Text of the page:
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Silent Film With an Emphasis on Sound
August 29, 2013


On August 31st, acclaimed composer and pianist Andrew E. Simpson will perform the world premiere of his original score for William Wellman's riveting story of love and tragedy, Wings (144 minutes, silent; 1927). The program is jointly presented by American Art and the National Portrait Gallery. Free tickets available in the G Street lobby at 2:30 p.m.; limit two per person. Alli Jessing, Auditorium Program Coordinator for both museums fills us in on the history of music and silent films.

Trailer for Wings, showing at the Smithsonian American Art Museum and the National Portrait Gallery August 31st.

Silent films are enjoying a resurgence of popularity in culture today, as advances in preservation and restoration technology have enabled film conservators to restore decaying film stock. Silent films, like other art forms, are often interpreted through symbolism and visual cues in addition to the narrative. These clues can be an expression, a featured object in the frame, a gesture, or through close-up, detailed shots of things the director wanted to make sure we noticed, or even in how a scene is lit. These clues can also come in the form of music.

Between the 1890s and the 1920s, silent films were traditionally accompanied by a pianist, organist, or sometimes an entire orchestra right in the theater. They played something called photoplay music: a mix of original, popular, classical and repertory music that matched the tones and events in the film. Musicians also improvised. A theater would have a library of photoplay music, and base their music choices on cue sheets provided by the film studios. This provided the pianist or orchestra with what something like a mix-tape: a compilation of music that suited the emotions and narrative of the story unfolding before us. While some films did have scores written specifically for them, more often than not the scores varied by theater, their accompanists, and their music library. This less-than-consistent approach to film screenings made each one a unique experience. You might see the same film twice, but you'd never hear it the same way.

Music was the essential thread that tied the visuals to the appropriate emotional context: a thunderous bass section might have underscored the significance of dark storm clouds rolling in on the horizon, while a lighter, fanciful melody would set up a laugh when someone took a pie to the face. The introduction of a hero would be signaled with a rising tide of chimes, while the arrival of a villain (who may or may not be there to tie a wide eyed maiden to the railroad tracks) would be accompanied with a darker, ominous score. With the advent of synchronous sound and the development of amplification equipment, these live "cinema-concerts" soon became a thing of the past. But they live again at the Smithsonian American Art Museum and the National Portrait Gallery!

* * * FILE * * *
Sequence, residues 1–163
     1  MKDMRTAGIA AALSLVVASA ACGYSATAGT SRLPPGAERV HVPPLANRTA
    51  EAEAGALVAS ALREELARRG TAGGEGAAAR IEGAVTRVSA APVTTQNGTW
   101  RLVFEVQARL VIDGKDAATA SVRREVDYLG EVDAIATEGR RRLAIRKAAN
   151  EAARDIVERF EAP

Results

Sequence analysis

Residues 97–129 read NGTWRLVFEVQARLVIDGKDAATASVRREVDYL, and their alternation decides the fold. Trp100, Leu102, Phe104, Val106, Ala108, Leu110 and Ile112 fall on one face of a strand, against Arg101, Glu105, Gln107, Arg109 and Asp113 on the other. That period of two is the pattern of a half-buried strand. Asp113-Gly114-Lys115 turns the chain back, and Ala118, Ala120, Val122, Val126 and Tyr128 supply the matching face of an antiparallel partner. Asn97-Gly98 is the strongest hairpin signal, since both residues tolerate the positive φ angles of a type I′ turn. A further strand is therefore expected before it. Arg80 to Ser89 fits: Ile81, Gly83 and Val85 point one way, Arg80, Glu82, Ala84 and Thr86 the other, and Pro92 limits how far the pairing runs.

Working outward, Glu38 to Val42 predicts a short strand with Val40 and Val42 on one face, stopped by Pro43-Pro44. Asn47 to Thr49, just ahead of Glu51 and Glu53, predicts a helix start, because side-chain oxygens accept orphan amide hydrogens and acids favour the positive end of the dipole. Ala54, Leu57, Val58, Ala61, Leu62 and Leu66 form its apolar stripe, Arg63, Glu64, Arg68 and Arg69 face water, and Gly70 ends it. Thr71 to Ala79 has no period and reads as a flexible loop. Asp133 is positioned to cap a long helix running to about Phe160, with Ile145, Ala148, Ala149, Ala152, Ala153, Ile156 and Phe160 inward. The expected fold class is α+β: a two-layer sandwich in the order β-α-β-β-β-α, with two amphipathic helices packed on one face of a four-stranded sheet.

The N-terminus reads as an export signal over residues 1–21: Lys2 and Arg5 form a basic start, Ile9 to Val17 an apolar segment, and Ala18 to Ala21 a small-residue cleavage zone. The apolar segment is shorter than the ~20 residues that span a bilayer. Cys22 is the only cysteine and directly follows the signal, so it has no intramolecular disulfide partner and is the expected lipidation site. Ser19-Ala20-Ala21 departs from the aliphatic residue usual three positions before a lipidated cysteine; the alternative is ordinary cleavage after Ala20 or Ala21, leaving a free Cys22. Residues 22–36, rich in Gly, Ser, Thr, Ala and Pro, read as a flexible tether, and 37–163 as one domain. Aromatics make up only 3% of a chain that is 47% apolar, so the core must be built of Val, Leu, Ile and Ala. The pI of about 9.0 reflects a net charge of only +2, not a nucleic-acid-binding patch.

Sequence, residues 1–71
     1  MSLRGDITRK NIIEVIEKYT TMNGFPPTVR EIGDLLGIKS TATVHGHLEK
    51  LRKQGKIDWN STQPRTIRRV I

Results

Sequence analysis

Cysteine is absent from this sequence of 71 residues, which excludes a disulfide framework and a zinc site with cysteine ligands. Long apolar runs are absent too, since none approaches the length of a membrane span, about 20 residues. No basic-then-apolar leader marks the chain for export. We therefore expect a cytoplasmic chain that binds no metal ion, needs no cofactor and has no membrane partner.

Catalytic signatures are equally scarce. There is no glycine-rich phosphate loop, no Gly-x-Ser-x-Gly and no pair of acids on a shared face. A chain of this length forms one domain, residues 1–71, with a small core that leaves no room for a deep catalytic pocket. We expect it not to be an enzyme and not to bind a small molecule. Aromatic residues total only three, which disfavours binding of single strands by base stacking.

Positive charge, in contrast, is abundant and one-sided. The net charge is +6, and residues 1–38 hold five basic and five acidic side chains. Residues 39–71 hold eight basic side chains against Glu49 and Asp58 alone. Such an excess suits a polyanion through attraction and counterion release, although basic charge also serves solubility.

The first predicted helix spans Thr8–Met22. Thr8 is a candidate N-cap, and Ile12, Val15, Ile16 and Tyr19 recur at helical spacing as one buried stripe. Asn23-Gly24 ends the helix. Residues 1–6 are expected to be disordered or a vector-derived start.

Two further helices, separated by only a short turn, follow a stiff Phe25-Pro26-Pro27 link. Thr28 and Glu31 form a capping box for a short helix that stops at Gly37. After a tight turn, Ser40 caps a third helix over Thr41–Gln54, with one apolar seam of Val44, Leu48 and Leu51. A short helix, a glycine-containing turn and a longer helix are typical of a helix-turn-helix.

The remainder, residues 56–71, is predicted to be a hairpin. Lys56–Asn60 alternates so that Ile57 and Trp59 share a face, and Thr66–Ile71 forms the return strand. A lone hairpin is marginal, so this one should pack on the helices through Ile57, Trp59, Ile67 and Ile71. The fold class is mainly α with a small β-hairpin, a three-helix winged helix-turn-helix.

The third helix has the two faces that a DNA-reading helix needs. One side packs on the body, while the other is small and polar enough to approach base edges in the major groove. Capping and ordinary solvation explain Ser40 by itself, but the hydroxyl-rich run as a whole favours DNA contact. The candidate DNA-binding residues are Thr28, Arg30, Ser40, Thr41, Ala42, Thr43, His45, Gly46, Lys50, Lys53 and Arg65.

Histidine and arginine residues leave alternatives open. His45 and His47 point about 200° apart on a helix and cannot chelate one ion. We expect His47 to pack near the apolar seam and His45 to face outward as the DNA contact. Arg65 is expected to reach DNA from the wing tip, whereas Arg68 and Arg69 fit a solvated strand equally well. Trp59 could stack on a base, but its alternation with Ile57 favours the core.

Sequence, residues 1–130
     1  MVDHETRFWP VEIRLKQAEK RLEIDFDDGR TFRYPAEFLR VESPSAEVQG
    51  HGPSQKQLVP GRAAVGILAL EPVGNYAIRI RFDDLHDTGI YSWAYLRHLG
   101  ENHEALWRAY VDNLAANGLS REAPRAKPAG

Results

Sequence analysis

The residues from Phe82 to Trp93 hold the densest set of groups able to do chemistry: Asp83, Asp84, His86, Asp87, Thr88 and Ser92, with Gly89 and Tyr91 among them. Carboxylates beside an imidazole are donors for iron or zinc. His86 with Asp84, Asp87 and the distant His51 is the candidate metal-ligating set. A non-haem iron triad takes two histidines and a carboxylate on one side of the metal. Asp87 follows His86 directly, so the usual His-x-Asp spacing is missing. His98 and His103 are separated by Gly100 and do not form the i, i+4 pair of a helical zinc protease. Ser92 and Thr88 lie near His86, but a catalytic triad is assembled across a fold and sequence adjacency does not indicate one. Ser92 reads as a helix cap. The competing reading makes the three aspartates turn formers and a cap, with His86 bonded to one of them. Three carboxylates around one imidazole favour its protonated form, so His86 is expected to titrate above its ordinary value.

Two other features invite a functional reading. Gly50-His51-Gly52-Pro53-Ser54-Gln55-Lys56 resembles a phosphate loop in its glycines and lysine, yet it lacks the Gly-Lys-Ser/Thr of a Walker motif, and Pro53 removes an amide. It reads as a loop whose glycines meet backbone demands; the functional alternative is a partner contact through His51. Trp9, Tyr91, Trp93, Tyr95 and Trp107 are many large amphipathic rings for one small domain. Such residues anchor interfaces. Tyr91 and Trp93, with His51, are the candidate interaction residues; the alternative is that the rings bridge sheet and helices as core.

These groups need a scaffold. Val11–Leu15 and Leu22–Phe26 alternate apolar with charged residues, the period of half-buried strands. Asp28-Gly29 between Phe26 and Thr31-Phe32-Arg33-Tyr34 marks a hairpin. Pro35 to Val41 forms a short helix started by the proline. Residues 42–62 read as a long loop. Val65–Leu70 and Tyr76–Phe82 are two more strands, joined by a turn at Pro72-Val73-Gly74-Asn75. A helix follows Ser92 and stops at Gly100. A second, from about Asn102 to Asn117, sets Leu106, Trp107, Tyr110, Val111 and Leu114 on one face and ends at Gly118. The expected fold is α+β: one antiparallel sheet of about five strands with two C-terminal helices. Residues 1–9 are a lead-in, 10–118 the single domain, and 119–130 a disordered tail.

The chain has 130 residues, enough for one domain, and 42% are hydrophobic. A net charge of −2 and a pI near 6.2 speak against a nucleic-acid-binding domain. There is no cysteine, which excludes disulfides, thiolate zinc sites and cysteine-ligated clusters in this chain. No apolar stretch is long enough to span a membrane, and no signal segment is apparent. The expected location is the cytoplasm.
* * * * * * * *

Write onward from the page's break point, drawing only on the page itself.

Poster for Wings

Original promotional poster for Wings

This Saturday, August 31st, the Smithsonian American Art Museum and National Portrait Gallery will be hosting a special cineconcert screening of Wings, the silent film classic starring Clara Bow that also features an early appearance by silver screen legend Gary Cooper. This story of two friends who fall in love with the same woman, but must leave her behind when they enlist as combat pilots during World War I, won the very first Academy Award® for Best Picture in 1927 (the only other silent film to achieve this honor was The Artist in 2011). Despite this honor, the film was considered lost for a number of years. When a complete print was finally discovered, it was duplicated and rereleased. The film has enjoyed a resurgence of interest of late, and has recently been restored.

The original version of Wings featured an orchestral score by J. S. Zamecnik. At our special screening, however, we are pleased to feature acclaimed pianist and composer Andrew E. Simpson, who will premier his new original score for the film. Simpson is co-founder of the Snark Ensemble, a group devoted to creating and performing new scores for silent film, theater, and dance. He is also the Resident Film Accompanist for the National Gallery of Art and House Accompanist for the Library of Congress' Mt. Pony Theater. He has performed his acclaimed original film scores locally at the Kennedy Center in Washington, D.C. and the AFI Silver Theater in Silver Spring, nationally at the New York Public Library at Lincoln Center and the J. Paul Getty Villa in Los Angeles, and internationally at the Giornate del Cinema Muto in Pordenone, Italy and the Sala Cecelia Meireles in Rio de Janeiro, Brazil. Simpons is professor and head of the division of Theory and Composition at the Benjamin T. Rome School of Music of The Catholic University of America in Washington, D.C.

Posted by Jeff on August 29, 2013 in Post It



Comments

I'm a bit surprised they didn't try to revise the original score rather than create a new one...seems inconsistent with the whole concept of salvaging this silent film icon.

Posted by: Bill Trantham | Aug 29, 2013


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